Registration Fee: $175 Includes: Registration Packet Invitation to the Welcome Reception (light appetizers, cash bar) Opening Ceremony (Mayor remarks, Guest Speaker) 2 Business Meetings Award Luncheon (Grilled Chicken, plated lunch) Presidential Hospitality (light appetizer, 2 drink tickets, cash bar) President’s Dinner (BBQ Buffet, cash bar, Guest Speaker, DJ, dancing and a little extra ‘fun’ thrown in for good measure)

  • - 29SPRING 2019

    Denver, Colorado – The Mile High City – is where urban sophistication meets outdoor adventure. Denver is an outdoor city known for its world-class cultural attractions, thriving craft breweries, chef-driven dining and red hot music scene, all with the beautiful Rocky Mountains as a backdrop.

    Ranked as the #1, Best Place to Live (according to US. News & World Reports, 2016), Den-ver offers a multitude of opportunities, not just for the outdoor enthusiast, but for everyone.

    If enjoying 300 days of sunshine isn’t enough for you, there are world-class art museums, eclectic and diverse neighborhoods, the country’s largest (per capita) collection of micro-breweries and over 22,000 square miles of open space and parks. Colorado, in general has some of the most varied landscaped in the world and without a doubt, some of the most amazing and awe inspiring sunsets. For history buffs, Colorado is brimming with history straight out of the Old West. Tours of gold mines are available as are rides into the past on a historic railcar. How to dress when you are here: While you may see snow off in the distance atop the ma-jestic Rocky Mountains, Denver enjoys delightfully warm, sunny days. Denver is known for 300 days of sunshine. This is more sunny days on record than San Diego and Miami Beach. Dressing in layers allows you to adjust to the sometimes rapid temperature changes through-out the day. When the sun sets, it can get cool. You will want to bring a jacket or medium weight coat – you will not want to miss the famous Colorado sunsets. Make sure that you check the website ( often as updates will be posted often.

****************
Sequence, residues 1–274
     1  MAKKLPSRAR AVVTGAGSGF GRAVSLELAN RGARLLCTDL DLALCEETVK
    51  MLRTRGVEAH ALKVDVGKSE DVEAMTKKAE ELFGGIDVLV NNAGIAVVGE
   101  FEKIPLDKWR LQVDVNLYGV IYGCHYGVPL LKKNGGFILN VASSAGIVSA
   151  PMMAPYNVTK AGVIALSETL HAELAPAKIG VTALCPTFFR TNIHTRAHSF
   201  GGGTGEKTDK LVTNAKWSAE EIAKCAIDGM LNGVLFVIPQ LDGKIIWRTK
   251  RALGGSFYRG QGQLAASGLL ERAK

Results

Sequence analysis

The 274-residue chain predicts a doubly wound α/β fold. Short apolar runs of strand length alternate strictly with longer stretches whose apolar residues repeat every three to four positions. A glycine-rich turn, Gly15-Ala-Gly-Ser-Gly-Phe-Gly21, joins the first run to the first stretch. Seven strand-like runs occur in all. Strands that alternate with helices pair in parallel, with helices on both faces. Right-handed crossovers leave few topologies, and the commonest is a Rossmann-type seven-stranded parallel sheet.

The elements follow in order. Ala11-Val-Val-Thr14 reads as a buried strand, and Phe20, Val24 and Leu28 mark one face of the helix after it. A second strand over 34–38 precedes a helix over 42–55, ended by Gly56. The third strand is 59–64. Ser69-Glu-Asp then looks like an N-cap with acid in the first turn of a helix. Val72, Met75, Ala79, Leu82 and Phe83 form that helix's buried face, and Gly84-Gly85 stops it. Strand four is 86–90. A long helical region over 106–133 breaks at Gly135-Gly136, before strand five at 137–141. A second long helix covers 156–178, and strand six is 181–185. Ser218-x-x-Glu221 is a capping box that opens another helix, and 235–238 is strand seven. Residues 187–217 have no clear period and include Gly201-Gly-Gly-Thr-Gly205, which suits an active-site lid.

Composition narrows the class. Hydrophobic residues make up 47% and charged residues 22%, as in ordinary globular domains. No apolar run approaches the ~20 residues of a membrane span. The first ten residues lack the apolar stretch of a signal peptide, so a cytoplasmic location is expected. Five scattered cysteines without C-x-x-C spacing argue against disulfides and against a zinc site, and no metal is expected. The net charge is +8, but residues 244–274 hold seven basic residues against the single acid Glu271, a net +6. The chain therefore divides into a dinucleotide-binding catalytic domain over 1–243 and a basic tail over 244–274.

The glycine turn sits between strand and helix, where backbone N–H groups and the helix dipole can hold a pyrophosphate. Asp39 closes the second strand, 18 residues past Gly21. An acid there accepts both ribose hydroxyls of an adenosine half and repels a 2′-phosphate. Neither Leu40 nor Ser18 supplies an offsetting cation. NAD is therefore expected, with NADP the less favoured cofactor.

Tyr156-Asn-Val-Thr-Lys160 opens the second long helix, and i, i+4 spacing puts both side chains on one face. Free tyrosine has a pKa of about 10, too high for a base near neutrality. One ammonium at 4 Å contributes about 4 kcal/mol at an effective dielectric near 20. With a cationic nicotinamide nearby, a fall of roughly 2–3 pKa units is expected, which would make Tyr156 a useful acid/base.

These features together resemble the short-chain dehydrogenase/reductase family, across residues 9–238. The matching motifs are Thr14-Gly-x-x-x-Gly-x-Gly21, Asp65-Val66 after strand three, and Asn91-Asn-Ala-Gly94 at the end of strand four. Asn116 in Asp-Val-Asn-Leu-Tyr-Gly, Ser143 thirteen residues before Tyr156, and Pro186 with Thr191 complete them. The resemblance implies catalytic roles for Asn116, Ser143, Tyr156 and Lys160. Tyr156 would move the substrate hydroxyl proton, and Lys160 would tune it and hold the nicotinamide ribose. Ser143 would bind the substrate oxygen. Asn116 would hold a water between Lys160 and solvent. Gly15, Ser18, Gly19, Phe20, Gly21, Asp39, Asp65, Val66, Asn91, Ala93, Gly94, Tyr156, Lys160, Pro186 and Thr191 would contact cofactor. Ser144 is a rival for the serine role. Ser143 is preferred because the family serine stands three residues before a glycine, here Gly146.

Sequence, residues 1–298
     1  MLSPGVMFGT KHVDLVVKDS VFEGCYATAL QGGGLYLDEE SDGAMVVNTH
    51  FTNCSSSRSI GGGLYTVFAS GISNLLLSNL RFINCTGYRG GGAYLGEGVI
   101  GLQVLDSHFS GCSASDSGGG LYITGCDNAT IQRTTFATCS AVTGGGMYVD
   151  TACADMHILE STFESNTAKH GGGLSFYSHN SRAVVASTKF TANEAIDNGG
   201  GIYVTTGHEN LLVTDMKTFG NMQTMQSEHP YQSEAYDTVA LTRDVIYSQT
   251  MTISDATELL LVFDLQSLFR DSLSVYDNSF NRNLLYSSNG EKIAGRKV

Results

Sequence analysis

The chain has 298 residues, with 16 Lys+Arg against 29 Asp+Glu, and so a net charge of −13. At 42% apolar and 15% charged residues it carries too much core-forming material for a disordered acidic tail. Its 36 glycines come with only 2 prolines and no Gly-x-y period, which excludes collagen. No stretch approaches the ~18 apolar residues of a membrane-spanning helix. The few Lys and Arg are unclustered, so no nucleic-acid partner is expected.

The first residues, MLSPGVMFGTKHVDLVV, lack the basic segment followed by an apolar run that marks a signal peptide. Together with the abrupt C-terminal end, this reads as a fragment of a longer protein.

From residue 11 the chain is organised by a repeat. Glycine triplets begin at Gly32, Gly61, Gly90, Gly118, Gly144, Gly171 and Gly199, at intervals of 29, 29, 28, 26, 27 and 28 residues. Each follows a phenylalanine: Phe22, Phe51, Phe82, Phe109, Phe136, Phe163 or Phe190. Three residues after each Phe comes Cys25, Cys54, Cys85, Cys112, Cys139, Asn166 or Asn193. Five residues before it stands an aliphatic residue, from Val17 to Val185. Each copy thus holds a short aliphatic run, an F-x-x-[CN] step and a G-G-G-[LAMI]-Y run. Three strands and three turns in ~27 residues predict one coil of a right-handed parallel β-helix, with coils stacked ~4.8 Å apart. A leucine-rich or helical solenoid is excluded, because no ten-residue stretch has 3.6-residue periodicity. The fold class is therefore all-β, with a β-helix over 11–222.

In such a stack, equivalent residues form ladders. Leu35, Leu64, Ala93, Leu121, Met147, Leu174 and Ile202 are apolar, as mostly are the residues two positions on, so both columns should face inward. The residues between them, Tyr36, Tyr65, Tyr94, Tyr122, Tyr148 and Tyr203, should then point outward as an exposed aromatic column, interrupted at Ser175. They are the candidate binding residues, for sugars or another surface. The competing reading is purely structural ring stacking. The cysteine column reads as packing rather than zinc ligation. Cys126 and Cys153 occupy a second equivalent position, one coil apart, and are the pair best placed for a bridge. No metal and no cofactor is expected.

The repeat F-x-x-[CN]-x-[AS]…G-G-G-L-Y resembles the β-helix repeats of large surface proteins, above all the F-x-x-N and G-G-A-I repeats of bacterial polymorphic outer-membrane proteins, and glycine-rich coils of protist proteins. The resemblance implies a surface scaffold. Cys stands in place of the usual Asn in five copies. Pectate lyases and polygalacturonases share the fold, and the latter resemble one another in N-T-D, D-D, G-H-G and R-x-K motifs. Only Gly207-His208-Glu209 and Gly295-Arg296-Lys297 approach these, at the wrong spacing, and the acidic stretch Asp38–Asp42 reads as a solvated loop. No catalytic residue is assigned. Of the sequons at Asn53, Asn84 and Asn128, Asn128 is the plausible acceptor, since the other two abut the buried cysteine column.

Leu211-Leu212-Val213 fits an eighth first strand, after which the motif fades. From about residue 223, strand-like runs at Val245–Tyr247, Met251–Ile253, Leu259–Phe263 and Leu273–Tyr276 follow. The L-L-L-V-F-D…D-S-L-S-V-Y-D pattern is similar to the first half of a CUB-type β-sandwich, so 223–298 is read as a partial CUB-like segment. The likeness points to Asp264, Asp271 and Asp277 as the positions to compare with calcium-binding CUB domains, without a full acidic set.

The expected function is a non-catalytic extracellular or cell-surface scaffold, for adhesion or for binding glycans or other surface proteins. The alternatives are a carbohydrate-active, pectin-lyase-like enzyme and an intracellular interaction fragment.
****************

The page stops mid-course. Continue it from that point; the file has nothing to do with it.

• 30 - VOL 38 | NUMBER 1



    The DoubleTree Hotel (3203 Quebec Street, Denver, CO 80207) is conveniently located off of I-70, a major thoroughfare running east west, allowing visitors easy access to anywhere and everywhere. The hotel is within close proximity to the Denver Zoo and the Den-ver Museum of Nature and Science.

    This hotel features 561 rooms, all with flat-screen TV’s, compli-mentary WI-FI, designer toiletries and hair dryers. The hotel has on on-site indoor pool, a spa tub, sauna and a fitness center. A small gift shop/newsstand is located off the newly renovated lobby and a complimentary shuttle service is available to take you to local restaurants, shopping venues and light rail station.

    Featured amenities include a business center, express check-out and complimentary newspapers in the lobby. Two full-scale bars are available to help you unwind after a long day and the hotel restaurant proudly serves chef-inspired entrees as well as wood fired pizza. A full sized, Starbucks Coffee shop is on site for those who need their caffeine fix. The on-site parking garage is free for all registered guests.

    Saturday, September 21st - While the convention is officially over, the fun doesn’t have to end. There is so much to do and to see in the area that we couldn’t help ourselves. We made a list of some of the more popluar places to go and things to do.

    We really do want to hear from you! Let us know what you would like to do or see when you are here and we will do our best to make it happen.

    Here is a list of a few places to see and things to do that we thought you might be interested in. We need at least 20 people to sign up for a trip to make it happen, so if you are interested in one (or more), let us know by e-mailing us at [email protected]

    We will take the top 3 and work on making them happen.

    1- Blackhawk/Central City Casino Trip - These two old gold mining towns were once known as the “Richest Square Mile on Earth” – obvi-ously referring back to the gold rush days. Now they have come alive again with 24 casinos with over 100,000 slot machines, poker, black-jack, roulette and craps. The surrounding hills are covered with aban-doned gold mines, Victorian buildings and Old West history. Even if you are not a gambler, the trip is worth taking. It’s a beautiful ride through Roosevelt National Forest and alongside peaceful flowing rivers.

  • - 31SPRING 2019

    Once in Blackhawk/Central City you will be on your own to try your luck in any casino you wish. Some offer free buffet lunches (if you sign up as a new member), others offer daily give-aways. For the non gamblers in the group, the area is home to many local shoppes and eateries and is truly is a beautiful way to spend a fall day in Colorado. Depending on how many members are interested, we could have two trips, one in the morning and one in the afternoon. It’s about a 6 hour trip, an hour traveling time, each way and then 4 hours to play. Cost would be approximately $25.00 for the round trip bus --- price does not include what you may win (or lose) at the casino ☺